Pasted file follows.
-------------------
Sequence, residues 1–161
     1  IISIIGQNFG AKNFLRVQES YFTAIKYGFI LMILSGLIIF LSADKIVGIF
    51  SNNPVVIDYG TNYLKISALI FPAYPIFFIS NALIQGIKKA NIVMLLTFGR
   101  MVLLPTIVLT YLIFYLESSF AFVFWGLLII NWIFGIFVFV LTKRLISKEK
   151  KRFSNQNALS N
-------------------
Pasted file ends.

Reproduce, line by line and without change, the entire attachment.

Sequence, residues 1–161
     1  IISIIGQNFG AKNFLRVQES YFTAIKYGFI LMILSGLIIF LSADKIVGIF
    51  SNNPVVIDYG TNYLKISALI FPAYPIFFIS NALIQGIKKA NIVMLLTFGR
   101  MVLLPTIVLT YLIFYLESSF AFVFWGLLII NWIFGIFVFV LTKRLISKEK
   151  KRFSNQNALS N